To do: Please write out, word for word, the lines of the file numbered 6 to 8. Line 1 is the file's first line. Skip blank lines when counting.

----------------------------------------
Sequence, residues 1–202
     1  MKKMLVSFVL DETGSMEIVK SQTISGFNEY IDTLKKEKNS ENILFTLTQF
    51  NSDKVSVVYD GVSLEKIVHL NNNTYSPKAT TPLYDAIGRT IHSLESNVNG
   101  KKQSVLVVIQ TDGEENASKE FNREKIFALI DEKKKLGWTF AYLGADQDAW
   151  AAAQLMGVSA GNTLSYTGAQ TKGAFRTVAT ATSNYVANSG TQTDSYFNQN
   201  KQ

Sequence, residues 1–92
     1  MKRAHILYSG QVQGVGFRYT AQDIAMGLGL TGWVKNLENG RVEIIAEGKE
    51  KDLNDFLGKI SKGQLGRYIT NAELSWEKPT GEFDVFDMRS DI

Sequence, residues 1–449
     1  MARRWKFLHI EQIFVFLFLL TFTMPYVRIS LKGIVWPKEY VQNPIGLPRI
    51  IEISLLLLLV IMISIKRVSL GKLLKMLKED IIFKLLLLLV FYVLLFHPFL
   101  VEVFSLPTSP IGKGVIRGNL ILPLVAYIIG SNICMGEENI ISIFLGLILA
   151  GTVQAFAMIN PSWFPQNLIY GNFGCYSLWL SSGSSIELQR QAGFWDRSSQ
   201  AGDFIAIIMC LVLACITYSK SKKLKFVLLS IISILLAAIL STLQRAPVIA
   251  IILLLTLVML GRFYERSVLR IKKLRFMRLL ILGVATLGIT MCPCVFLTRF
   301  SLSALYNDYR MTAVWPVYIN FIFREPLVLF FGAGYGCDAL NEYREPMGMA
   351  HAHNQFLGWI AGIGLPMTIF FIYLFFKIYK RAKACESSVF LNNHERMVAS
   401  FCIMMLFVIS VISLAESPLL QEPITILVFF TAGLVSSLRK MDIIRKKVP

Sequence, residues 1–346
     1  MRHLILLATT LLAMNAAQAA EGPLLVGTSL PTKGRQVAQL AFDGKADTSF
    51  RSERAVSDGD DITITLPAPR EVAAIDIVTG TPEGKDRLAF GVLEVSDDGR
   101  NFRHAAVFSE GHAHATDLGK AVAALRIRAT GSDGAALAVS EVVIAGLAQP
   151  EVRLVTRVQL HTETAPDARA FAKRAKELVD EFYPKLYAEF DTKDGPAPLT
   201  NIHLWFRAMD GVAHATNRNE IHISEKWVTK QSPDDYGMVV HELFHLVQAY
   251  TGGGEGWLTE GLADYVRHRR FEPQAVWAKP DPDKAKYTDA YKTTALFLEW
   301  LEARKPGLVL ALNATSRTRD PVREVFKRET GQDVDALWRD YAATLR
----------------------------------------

   201  KQ

Sequence, residues 1–92
     1  MKRAHILYSG QVQGVGFRYT AQDIAMGLGL TGWVKNLENG RVEIIAEGKE